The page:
READY: The what-was-I-thinking bus odyssey
I’m going to sound like a snobby old curmudgeon as I describe the company I kept last week while making a 20-hour bus journey each way to and from Greenville, Miss. So I apologize in advance for what may sound judgmental. The point is simply “the times how they have changed.”
Over 50 years ago, I took a Greyhound to Montgomery to be a bridesmaid in my cousin’s wedding. I left from the terminal on Perry Avenue in Fort Walton. The fare was $30 round trip. The ticket agent wore a uniform and so did the driver with hat and a brass badge on his shirt. My fellow passengers more or less looked like me. They read, chatted quietly, or slept.
Last week my trip to visit an old friend started once again at the Greyhound station on Perry. I had decided a long bus trip was better than a long time being lost or dead as I am a notoriously bad driver, and no one in the family was willing to drive Miss Daisy.
This time, my ticket agent was attired in baggy pants revealing his underwear and long shirt accessorized with several chains of beads. Tattoos, nose ring, lip ring, and dreadlocks completed his fashion statement. But he was cordial and competent, so no complaints.
I was clearly the “freak” among the travelers as I found myself in a motley crewe of humanity that left me jaw-droppingly fascinated. My pajama-clad seat mate to Mobile was a happy soul who passed out hand-made paper roses to all the women, told everyone that Jesus loved them, and announced he would get off the bus only when Jesus told him to. I liked his Fu Manchu and the fact that I could see daylight through the large holes in his earlobes. Then there was the lady with the purple hair who sang sad songs about dead people and the woman in the shower cap and heavy winter coat who refused to let anyone sit with her. One couple argued loudly about mutual infidelities while the alcohol-soaked fellow snored.
No wonder bus drivers now sit inside a plastic dome.
My 7-hour layover in Mobile (what WAS I thinking?) gave me a chance to view a microcosm of Planet 2014. Women in burkhas, Indian sarees, or shorts so short they were pointless. Fat ladies (like me) who have no business wearing skin-tight spandex pants. Folks in full body tattoos, piercings, and a United Nations of different languages.
Just like a Saturday at Walmart.
Most of the drivers were indifferent to the odd collection of passengers, but one tiny woman driver on the Delta Bus Line ran a tight ship. She announced she would throw anyone off the bus who smoked, possessed alcohol, used foul language, talked on a cell phone, bothered other passengers, or wouldn’t stay in their seats. I liked her.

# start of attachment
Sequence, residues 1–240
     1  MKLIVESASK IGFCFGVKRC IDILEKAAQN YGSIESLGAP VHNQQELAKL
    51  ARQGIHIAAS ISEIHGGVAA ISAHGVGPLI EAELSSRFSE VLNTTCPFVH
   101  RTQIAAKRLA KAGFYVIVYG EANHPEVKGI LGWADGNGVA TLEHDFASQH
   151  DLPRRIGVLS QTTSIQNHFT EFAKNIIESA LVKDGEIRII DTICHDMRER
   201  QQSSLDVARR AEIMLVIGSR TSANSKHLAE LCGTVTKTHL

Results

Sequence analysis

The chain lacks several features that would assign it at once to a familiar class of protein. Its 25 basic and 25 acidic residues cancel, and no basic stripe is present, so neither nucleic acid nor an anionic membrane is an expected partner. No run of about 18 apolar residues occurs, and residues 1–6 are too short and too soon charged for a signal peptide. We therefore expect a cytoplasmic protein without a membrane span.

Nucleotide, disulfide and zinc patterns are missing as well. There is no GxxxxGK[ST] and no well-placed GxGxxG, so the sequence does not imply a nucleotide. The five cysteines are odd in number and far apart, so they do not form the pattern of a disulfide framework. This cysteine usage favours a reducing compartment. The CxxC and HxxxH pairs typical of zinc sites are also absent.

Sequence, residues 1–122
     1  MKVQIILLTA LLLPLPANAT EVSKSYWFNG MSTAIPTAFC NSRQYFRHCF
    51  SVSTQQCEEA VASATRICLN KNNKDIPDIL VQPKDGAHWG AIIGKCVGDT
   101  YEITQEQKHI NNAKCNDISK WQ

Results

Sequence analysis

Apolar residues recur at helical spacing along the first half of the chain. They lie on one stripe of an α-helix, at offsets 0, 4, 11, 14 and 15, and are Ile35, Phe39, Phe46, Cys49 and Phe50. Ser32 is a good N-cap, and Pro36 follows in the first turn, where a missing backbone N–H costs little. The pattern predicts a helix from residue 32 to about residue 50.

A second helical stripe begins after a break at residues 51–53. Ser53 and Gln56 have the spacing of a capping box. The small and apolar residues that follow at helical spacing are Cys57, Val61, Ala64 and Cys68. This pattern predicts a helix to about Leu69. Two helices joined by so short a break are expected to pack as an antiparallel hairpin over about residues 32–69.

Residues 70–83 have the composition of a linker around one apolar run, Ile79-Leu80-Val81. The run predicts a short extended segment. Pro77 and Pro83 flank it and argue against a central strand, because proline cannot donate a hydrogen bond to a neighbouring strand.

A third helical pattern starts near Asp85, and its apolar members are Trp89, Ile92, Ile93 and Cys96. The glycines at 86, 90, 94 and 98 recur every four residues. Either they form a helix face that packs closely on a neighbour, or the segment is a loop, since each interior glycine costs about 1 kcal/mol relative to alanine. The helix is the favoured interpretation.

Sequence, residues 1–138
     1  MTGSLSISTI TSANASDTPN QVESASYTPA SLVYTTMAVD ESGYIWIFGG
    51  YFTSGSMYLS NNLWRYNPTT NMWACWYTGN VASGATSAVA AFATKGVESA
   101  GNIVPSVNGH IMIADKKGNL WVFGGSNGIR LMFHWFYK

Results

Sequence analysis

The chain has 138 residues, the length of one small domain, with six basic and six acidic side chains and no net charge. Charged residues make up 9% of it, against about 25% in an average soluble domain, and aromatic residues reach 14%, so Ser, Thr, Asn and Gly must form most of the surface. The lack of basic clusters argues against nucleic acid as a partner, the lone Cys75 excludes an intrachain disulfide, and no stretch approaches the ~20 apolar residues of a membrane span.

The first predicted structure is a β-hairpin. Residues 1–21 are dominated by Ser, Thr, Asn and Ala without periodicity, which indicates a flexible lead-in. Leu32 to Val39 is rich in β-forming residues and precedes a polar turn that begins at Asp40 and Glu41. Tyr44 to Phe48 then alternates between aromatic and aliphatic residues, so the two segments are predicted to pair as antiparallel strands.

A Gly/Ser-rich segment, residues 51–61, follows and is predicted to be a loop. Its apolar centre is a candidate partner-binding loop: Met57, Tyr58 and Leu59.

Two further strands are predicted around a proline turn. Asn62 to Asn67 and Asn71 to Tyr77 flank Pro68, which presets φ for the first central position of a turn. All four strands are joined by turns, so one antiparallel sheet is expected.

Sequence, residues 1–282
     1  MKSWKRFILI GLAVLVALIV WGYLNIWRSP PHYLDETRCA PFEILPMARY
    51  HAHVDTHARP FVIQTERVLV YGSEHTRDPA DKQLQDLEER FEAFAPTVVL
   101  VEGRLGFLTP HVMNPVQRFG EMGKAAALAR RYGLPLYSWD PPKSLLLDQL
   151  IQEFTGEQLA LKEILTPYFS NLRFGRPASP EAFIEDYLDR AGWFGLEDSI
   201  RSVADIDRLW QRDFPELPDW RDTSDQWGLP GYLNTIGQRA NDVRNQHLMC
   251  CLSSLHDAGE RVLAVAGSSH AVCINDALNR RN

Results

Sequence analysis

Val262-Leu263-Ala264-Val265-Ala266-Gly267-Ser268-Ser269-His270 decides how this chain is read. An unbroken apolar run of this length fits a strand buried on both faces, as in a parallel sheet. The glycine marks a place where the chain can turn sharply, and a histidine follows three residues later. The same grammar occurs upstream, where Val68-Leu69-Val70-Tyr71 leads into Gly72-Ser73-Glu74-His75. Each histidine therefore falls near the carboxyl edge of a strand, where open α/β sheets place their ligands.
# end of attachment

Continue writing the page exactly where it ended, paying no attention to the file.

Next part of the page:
I started my return trip by giving my lunch money to a belligerent fellow who was four dollars short on his ticket and holding up the line at the ticket desk by causing a scene over it. It wasn’t charity. It was to shut him up.
In the Baton Rouge terminal, an insurrection broke out when the 6:45 bus to New Orleans didn’t arrive. However, a 7:20 bus to New Orleans was about to leave with less than a dozen passengers, but they wouldn’t let the 6:45 group board it. The young man to whom I had previously given ticket money led the uprising, screaming obscenities and stirring up others who were also very unhappy about being denied the other New Orleans bus. A security guard quelled the riot, and eventually we were allowed to board the 7:20 bus which by now left at 8.
I enjoyed a five hour layover in Mobile during the early morning hours, watching people sleep on the floor with heads pillowed on their luggage. I highly recommend the breakfast which is served after 1 a.m., even if biscuit, bacon, and eggs with coffee cost nine dollars. As I ate, I watched the floorshow when a security guard threw out a very obnoxious drunk who was bound for Tallahassee, forcing her out into the street and letting her know her trip had come to an end.
As we pulled into the Fort Walton station, I remembered a phone call I received just before my trip to Greenville. It was a grief counselor checking on me (as they do periodically after a family death). She advised me in that conversation that I could control the flood of inconvenient tears in public places by looking for the FLP’s all around me.
Sure, enough, I saw many Funny Looking People on my journey. And I caught a glimpse of another one in the bathroom mirror in a bus station at three o’clock in the morning.
My bus odyssey was a valuable life adventure.
Now, I can say “Been there. Done that. No need to repeat the experience.”
Mary Ready of Destin is a twice-retired English teacher and long-time area resident. Her columns are published on Saturdays.